• goonarmy
    Oh - limited attention span?yep, that tends to happen when posts are too long, rambling and not succinctI think you mean my sentence was too long and your patience was by then thin. partly, and the fact that questions are generally followed by a question markOK, if you aren't interested you can take a horse to water, but not make it drink and all that!Oh dear back to put-downs again ... sigh
    a statement of fact actually, do you know what put down means?
    Oh well, bloke, bloke-ette - Sorr-eee! appology accepted, lesson learnt I think.I must admit I don't know many women who use WTF. get out more Can't say I didn't try to adjust my style a bit though, to see if you might engage.yeah.......no that aint gonna happen


    So, as I was saying, I don't think the 80s and 90s were a good period for developing the kind of enquiring minds that question bad practice - they are more likely to turn on or question anyone amongst them who is a bit different and dares to draw attention to himself above the parapet and try to knock their block off.
    so now we are assuming the age of posters?? Lesson not learnt then
    However, some of us baby boomers do question bad practice, sometimes with terrier-like tenacity, especially those of us who didn't use our great state educations just to get filthy rich and pull up the drawbridges behind us.

    So here I am today, and tomorrow and the day after tomorrow, until the CRAs get it fixed.erm, ok. Good luck with that... pretty sure thats not the way to sort this but keep us informed
    Originally posted by VictimOfImpersonation
    Answers in red, again your reply to Danny that rambles on along far too long might not get the responses you hope for. Try to be more concise and maybe listen to advice given, this forum has some thats quite good, on occasion.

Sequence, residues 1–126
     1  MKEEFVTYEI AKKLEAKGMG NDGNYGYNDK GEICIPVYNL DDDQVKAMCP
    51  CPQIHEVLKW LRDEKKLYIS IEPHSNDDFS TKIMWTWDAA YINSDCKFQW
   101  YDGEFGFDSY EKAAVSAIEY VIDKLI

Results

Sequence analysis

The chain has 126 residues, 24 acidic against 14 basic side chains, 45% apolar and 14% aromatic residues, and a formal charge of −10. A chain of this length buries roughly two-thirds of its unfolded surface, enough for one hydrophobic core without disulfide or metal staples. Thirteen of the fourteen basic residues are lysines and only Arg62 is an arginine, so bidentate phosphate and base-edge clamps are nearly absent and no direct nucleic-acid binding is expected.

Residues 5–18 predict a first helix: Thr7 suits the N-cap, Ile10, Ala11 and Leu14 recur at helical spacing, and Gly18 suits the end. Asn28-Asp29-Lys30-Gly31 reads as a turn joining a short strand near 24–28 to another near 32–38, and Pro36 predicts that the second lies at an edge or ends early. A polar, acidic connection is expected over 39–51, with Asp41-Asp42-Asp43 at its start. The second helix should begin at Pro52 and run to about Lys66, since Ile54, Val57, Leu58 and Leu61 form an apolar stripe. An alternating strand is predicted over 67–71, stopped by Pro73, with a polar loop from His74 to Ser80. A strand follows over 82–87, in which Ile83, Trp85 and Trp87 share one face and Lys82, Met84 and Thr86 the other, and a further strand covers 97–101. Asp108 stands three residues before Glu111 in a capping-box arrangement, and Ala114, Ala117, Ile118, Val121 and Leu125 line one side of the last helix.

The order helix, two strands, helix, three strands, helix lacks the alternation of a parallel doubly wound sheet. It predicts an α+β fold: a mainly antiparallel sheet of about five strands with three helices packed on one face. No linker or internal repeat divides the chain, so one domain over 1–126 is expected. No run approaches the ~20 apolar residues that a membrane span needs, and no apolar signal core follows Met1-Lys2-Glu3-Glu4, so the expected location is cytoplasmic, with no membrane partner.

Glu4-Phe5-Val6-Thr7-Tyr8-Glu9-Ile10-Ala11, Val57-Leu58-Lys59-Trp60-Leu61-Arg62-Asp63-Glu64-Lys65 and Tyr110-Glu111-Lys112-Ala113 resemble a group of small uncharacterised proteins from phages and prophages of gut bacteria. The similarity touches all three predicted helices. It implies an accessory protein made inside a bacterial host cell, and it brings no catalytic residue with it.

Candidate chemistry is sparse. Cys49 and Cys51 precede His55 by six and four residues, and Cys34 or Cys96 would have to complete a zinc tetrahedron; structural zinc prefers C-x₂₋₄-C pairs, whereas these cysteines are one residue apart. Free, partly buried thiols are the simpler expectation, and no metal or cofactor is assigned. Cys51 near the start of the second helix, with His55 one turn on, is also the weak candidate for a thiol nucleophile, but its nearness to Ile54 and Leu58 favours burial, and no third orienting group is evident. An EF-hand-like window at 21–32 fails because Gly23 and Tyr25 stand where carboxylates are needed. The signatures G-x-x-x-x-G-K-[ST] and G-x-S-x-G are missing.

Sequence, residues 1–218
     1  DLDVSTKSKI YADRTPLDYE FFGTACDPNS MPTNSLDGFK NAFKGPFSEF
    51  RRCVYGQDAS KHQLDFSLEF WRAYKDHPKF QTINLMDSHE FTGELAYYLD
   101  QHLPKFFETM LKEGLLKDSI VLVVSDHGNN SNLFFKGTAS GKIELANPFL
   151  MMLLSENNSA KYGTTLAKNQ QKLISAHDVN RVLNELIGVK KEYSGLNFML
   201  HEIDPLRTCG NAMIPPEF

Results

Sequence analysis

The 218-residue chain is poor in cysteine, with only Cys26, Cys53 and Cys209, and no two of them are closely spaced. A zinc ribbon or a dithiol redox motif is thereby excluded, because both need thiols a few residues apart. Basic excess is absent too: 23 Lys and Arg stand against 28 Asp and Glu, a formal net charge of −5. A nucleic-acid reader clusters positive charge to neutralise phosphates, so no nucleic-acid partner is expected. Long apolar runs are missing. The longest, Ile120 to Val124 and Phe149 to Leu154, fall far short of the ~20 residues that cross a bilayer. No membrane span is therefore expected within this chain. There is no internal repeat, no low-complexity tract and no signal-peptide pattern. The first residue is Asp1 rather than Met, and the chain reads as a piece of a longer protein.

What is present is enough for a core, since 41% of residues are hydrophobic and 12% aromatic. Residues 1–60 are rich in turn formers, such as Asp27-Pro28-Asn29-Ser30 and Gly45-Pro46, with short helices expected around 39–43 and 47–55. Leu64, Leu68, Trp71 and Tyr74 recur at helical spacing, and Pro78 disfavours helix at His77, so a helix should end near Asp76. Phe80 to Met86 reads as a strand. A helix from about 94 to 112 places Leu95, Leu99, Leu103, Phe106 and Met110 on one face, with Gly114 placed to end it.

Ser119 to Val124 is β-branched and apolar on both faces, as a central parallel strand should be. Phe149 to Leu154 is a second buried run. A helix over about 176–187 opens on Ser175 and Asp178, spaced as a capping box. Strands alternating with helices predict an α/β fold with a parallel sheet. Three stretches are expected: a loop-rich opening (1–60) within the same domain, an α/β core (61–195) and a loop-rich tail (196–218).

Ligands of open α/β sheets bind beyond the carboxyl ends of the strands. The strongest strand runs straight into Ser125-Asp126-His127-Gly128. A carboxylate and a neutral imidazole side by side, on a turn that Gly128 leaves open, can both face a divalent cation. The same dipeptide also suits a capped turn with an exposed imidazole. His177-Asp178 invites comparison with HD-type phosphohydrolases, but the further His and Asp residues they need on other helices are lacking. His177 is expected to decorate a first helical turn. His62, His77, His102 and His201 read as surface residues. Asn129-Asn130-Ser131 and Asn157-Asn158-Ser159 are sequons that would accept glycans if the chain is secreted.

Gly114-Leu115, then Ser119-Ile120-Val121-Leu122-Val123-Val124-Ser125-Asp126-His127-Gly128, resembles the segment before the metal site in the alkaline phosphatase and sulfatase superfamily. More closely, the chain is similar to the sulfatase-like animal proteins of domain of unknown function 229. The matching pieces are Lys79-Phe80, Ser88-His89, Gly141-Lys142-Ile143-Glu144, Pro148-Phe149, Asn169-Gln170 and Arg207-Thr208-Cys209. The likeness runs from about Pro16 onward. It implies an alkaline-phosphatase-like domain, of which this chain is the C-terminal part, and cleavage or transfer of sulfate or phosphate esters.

• VictimOfImpersonation
    Answers in red, again your reply to Danny that rambles on along far too long might not get the responses you hope for. Try to be more concise and maybe listen to advice given, this forum has some thats quite good, on occasion.
    Originally posted by goonarmy
    I am not sure I started the thread to get advice, but I seem to be getting some anyway.

    I think patanne has got the swing of it, and so might a good number of the almost exactly 95% of viewers of this thread who haven't felt the need to add more in a post yet


    I mean look at the situation for goodness sakes dear people - a CRA that allows obviously false entries to stand on your records and allows whoever caused them to be put on file to use them again to try to access details of ALL your credit agreements (and by the law of numbers, they will succeed if not on yours, then maybe on mine or the next victims' ...)
    Last edited by VictimOfImpersonation; 30-12-2013 at 2:50 PM. Reason: Law of Numbers
    • Tiddlywinks
    • By Tiddlywinks 30th Dec 13, 3:16 PM
    • 5,351 Posts
    • 18,507 Thanks
    Tiddlywinks
    I think patanne has got the swing of it, and so might a good number of the almost exactly 95% of viewers of this thread who haven't felt the need to add more in a post yet
    Originally posted by VictimOfImpersonation
    How sweet - you think those 95% of readers (strange that you felt compelled to work the figures out and then quote them here) that haven't posted actually agree with you? More likely that they can't be bothered to wade through the rantings.

    I mean look at the situation for goodness sakes dear people - a CRA that allows obviously false entries to stand on your records and allows whoever caused them to be put on file to use them again to try to access details of ALL your credit agreements (and by the law of numbers, they will succeed if not on yours, then maybe on mine or the next victims' ...)
    Originally posted by VictimOfImpersonation
    The CRAs report the information provided by the financial institutions... they purely report, they are not decision makers.

    It is the financial institution that facilitates the crime by providing access to your accounts.

    You cannot simply match and then amend a data set of personal data the way you would suggest... there are many occasions where someone of the same name, will live at the same address and have a slightly different DOB. In some cultures, the order of the names will be switched depending on circumstances. Cousins born within weeks or months of each other may share the same name.